Has anyone ever died from tooth decay?

a picture of three sad faced decayed teeth in the gums

Today, few people would consider a toothache potentially deadly, but that does not mean the toothache should be ignored. Ignoring that toothache could have serious consequences for a person’s oral and bodily health. Tooth decay can and will spread if left untreated by a trusted dentist in Salt Lake City, UT.


The History Of Tooth Decay

Tooth decay has been around for as long as humans have existed. In the past, depending on what culture a person was from, there were common myths that a decaying tooth was caused due to an evil tooth-eating worm or because of bad deeds done.

In the 1600s, according to the historical documents recounted by the NIH, dental infections were the fifth or sixth leading cause of death for men, women, and children in London.

As recently as 200 years ago, it was a leading cause of death across the globe, according to the National Institutes of Health. In the days before antibiotics or modern dental procedures, a toothache could lead to an abscess, which could introduce bacterial infections to the bloodstream. An infection in the upper jaw could reach the brain in a relatively short period of time.

Up until the 1970’s, tooth decay was considered untreatable. Of course, things are different today as tooth decay has come to be understood through science. Because more is known about tooth and oral health, people have been able to successfully ward off tooth decay using good oral hygiene practices.

Causes of Tooth Infection

There are different causes of tooth infection. The most common causes for tooth decay are:


Bacteria is the largest cause of tooth infection. Bacterial build-up along the sides of teeth and in the gums can cause infections in the tooth leading to tooth decay.

Gingival Abscess:

Gingival abscess is the dental term for an infection that forms from a foreign object becoming lodged in or near the tooth. This could be any number of things such as food, floss, or other small objects.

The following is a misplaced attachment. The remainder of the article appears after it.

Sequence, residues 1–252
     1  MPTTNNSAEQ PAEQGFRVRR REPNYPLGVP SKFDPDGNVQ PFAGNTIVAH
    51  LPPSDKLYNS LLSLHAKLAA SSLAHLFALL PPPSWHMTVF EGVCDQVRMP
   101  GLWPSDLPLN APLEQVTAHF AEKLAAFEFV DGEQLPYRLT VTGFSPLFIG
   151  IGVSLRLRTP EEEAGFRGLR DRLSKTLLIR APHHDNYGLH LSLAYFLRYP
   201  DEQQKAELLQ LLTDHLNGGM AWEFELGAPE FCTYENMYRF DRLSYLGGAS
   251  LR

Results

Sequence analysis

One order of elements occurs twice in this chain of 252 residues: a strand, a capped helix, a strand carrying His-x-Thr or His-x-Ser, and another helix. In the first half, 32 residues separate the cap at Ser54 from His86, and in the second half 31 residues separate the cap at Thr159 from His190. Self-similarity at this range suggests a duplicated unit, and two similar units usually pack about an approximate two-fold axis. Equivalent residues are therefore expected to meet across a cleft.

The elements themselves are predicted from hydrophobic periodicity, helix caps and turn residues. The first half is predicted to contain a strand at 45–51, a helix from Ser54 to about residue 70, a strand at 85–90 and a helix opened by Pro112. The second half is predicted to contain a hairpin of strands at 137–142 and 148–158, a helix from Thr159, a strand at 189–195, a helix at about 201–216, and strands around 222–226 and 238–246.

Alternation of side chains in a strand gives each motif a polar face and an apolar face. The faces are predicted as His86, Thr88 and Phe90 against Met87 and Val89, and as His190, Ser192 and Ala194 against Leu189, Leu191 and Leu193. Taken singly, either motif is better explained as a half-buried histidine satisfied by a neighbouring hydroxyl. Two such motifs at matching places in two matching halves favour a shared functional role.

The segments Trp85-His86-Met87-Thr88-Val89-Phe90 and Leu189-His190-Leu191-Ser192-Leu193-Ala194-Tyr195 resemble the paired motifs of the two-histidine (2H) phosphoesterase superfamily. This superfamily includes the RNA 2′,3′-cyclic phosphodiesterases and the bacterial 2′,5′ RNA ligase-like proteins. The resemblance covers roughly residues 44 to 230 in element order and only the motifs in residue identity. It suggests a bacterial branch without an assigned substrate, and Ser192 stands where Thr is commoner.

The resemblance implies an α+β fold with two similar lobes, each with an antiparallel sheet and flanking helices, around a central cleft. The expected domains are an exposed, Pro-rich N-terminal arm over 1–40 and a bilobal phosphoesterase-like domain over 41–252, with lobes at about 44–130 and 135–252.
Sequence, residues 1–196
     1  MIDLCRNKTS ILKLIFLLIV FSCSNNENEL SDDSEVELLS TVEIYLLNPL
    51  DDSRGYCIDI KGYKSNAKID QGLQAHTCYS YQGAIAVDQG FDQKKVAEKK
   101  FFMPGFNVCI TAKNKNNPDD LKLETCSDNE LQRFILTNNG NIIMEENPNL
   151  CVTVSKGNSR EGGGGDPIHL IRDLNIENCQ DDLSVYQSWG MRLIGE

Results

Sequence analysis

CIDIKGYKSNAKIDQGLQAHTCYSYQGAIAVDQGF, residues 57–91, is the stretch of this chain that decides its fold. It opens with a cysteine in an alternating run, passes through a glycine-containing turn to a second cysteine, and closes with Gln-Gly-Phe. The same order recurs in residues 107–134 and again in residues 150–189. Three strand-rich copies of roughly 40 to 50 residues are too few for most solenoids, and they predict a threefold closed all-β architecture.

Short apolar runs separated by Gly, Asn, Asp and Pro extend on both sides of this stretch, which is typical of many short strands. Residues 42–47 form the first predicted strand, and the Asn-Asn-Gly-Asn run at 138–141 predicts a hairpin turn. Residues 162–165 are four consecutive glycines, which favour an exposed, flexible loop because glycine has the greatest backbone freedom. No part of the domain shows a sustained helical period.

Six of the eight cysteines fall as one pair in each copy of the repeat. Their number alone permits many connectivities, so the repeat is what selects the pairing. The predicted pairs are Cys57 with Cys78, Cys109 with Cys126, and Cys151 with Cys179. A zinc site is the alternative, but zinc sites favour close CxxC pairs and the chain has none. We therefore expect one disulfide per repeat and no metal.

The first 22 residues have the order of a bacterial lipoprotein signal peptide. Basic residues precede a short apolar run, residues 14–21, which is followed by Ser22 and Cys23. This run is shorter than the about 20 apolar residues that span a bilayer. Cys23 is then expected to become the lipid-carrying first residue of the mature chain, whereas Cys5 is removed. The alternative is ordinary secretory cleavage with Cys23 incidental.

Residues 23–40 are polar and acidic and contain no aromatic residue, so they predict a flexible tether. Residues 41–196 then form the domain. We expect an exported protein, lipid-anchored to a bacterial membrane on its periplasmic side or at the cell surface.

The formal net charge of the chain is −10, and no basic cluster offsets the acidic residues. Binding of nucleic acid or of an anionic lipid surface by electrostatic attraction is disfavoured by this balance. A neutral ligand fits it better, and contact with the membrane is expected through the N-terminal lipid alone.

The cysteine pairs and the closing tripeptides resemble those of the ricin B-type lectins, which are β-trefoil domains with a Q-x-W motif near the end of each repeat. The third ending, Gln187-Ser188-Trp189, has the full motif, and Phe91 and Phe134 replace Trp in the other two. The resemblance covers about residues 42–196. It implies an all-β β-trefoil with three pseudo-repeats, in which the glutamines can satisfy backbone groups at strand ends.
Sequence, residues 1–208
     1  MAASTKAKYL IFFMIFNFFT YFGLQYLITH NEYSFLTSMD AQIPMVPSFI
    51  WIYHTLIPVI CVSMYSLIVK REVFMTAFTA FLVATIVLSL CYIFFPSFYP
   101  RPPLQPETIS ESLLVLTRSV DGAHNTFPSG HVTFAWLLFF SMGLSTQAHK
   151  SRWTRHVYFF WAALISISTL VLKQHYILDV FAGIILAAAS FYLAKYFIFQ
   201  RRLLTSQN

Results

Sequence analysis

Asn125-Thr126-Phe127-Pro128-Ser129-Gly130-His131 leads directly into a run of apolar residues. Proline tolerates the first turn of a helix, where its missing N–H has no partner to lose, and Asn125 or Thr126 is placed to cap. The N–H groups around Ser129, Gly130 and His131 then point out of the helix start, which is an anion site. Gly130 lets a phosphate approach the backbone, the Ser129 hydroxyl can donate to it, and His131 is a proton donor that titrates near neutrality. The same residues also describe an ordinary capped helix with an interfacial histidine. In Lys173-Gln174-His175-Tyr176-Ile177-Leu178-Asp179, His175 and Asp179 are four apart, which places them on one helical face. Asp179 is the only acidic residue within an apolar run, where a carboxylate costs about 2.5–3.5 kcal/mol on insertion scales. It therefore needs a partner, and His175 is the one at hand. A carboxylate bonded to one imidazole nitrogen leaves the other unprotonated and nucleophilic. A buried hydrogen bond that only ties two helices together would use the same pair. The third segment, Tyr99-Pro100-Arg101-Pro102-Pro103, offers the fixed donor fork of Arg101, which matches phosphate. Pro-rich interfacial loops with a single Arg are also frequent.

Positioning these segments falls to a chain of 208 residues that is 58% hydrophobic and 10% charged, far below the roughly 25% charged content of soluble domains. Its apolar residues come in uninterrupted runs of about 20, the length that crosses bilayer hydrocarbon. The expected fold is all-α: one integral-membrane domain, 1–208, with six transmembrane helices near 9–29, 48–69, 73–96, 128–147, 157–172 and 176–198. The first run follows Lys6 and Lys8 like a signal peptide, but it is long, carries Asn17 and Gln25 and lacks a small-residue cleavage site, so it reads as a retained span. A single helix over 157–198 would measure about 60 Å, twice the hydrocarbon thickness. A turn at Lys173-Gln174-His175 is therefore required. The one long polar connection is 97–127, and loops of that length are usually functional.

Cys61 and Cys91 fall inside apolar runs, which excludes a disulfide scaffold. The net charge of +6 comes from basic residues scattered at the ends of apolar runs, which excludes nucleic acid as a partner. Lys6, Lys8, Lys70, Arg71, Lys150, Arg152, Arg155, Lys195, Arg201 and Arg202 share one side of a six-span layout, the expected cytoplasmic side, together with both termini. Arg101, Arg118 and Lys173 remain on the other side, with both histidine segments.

Periodontal Disease:

Periodontal disease, also known as gum disease, is another reason why teeth may decay. Gum disease will slowly cause the teeth to loosen which allows for a higher possibility of infection, tooth decay, or even teeth falling out.

Is Tooth Decay Still Potentially Deadly?

Dental care has improved drastically since the age of wooden teeth. Today, dentists rely on advanced training and technology to treat tooth decay, but the treatments are only useful if patients seek care.

The Journal of Endodontics found that, between 2000 and 2008, over 61,000 hospitalizations in the United States were tied to dental infections, specifically periapical abscesses (infection of the tooth’s root). 66 patients died from complications related to the infection. In short, tooth decay is far less deadly now than it was in the past!

Causes Of A Tooth Infection

Patients typically end up with advanced tooth infections due to inaction or lack of preventative care. This is one reason why dentists advocate for twice-a-year dental cleanings and check-ups. Tooth decay results from the interaction of bacteria, plaque, tartar, and food particles. Decay is most likely to be concentrated deep in the crevices and grooves of the molars where tartar can build up.

Tartar and plaque form a home where bacteria can feed off sugar that is naturally found in saliva. As the microbes eat, they release small amounts of acid that eventually demineralize and erode enamel. These small pits grow over time and eventually form cavities.

Left untreated, as was often the case before modern dentistry, the tooth would continue to decay until the bacterial infection reached the inner pulp. Once the infection reached the sensitive bundle of nerves, blood vessels, and tissue, the infection would spread even more quickly.

Treatment Options

Cavities can only be treated using professional dental treatments. If a patient’s tooth decay is caught early, quick and painless treatments can eliminate the dental problem. A dentist will use a small drill to remove decay, and tooth-colored fillings can be used to seamlessly fill in the area to restore strength and structure to the patient’s tooth.

Once tooth decay reaches the inner portion of the tooth, root canal therapy will be required to treat the infection. This restorative treatment is more invasive, which is one reason why patients should stay ahead of dental decay by practicing good oral hygiene habits and visiting their dentist twice a year. The last option for treating tooth decay is tooth extraction.


Stay Ahead Of Tooth Decay

Fortunately, treatment for cavities is often quick and pain-free. Contact Dr. Rod Gleave and our dental team in our Rod Gleave DMD office to schedule an appointment today!

Dr. Gleave can recommend preventative treatments that can lower your risk of developing tooth decay. If you do have early or advanced decay, Dr. Gleave can restore your smile using minimally invasive treatments when possible. We offer sedation dentistry options for patients who suffer from dental phobia.

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